By way of introduction


My name is Jeff Faust, I’m a woodworker, and I build model railroads. That’s all you really need to know, but bloggers are expected to drone on about their topic. So, okay.

My active participation in the hobby didn’t begin until I was five years old. I received a second-hand American Flyer set for Christmas that year. Decades of preparation preceded that momentous event. As an infant, I shared my nursery with an O scale trolley layout. I engaged in extensive railfanning activities before birth, with Mom and I accompanying Dad as he shot Super-8 footage through the front windows of PCCs. From early on in his own childhood, he collected and operated American Flyer trains as well.

Clearly, model railroads were my destiny. I have no cause to be angry with the gods for this.

The “furniture” part of this story didn’t come in until much later. I was out of college, and several years into a deeply unsatisfying life as an office worker, when an opportunity to switch to a woodworking career arose. I could tell you that my hobby ambitions played no part in my decision, but I would be lying. Earn a steady paycheck, and fill a critical void in my railroad-construction skill set, too? Where do I sign? That was eighteen years ago now. I’m building office furniture these days. The next time you’re in a staff meeting, take a closer look at what you and your bored coworkers are sitting around. I might have built that.

And in my off hours, I build railroads. I love being me.

Why do I place so much emphasis on the furniture aspect? Several reasons. It’s always troubled me that so many railroads feature excellent model work, only to be detracted by poor presentation. Many hours have been lavished on a railroad’s scenery, structures, track, and rolling stock, while the layout’s edge gets a quickie job in painted Masonite, or at best, pre-finished fake-woodgrain panelling.  Old drapes are hung to conceal construction-lumber framing and legs. It’s like Monet framing his landscapes with recycled Popsicle sticks. Why shouldn’t the railroad itself look just as good as its contents?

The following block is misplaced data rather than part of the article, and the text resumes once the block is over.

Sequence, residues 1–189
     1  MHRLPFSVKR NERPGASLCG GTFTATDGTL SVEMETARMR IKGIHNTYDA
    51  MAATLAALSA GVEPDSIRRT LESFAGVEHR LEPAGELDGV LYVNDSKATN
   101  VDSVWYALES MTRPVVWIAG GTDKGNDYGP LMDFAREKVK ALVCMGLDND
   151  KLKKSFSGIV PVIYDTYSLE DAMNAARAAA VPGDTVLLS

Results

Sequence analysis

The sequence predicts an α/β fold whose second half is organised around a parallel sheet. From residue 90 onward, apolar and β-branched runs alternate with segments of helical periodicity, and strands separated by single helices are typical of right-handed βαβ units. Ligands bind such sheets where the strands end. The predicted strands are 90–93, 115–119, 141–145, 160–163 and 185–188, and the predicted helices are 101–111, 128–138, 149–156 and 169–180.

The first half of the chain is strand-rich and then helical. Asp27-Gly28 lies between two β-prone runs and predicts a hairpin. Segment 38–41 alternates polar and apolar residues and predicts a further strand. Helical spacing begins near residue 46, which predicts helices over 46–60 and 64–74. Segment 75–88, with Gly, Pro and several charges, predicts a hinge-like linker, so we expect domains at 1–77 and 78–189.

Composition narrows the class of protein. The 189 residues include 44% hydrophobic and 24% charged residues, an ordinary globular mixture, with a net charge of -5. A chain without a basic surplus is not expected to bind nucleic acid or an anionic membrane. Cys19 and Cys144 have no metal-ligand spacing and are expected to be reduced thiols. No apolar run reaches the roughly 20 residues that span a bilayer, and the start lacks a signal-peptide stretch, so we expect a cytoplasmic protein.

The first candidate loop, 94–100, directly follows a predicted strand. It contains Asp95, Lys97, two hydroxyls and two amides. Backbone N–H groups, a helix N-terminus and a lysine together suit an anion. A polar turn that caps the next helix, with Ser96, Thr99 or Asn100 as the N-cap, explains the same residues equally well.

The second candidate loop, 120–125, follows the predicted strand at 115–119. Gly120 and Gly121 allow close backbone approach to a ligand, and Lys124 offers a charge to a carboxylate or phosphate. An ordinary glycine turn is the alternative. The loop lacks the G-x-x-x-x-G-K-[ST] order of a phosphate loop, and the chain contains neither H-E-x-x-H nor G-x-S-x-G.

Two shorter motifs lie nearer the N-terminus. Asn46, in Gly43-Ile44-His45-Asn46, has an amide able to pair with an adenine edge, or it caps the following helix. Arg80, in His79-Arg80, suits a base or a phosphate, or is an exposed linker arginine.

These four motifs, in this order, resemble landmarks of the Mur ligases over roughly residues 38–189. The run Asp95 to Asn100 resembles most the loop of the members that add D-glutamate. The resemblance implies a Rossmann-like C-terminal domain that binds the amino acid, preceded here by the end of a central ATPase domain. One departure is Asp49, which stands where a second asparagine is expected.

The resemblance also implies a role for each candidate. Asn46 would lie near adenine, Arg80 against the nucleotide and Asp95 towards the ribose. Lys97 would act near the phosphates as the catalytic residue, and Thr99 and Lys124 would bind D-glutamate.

Besides, the Basement Empire is not my destiny. You know what the Basement Empire is, right? That’s the kind of sprawling railroad that serious model railroaders are supposed to aspire to. It’s an animated man-cave, containing an exacting re-creation of the countryside from Norfolk to Cincinnati, seen only by a lucky few who have been personally invited by the Empire Builder himself. If the Empire is a little rough around the edges, who dares criticize the Builder and risk eternal scorn, and worse, banishment?

I barely have a basement, and no garage, attic, or spare room to serve as an effective Basement Substitute. No Basement Empire for me. My railroad sits in household living space, where my wife, son, and all visitors will see it. Appearance, therefore, is especially important. Much of my railroading activity happens at shows, too, where appearance also matters. What’s going to better impress the seething masses, a fascia of knotty 1x3s with brown latex slobbered on, or one of gleaming clear-finished red oak? Take all the time you need on this one.

Aside from my fetish for hardwoods, I do have some other philosophical points that I’ll be making frequently:

The hobby is a great environment for learning and experimentation. I can take risks here, then apply that experience to the rest of my life.

I’m dead-serious about trains, but it’s still a hobby. I’m in this to make myself happy. Unlike the rest of my life, I have total control over what gets done and how. Well, almost.

Experience tells me that extra effort in construction pays off in operation. Sure, I enjoy the building part, but I enjoy it even more when people marvel at how well trains stay on the track.

Thanks for joining me on this ride.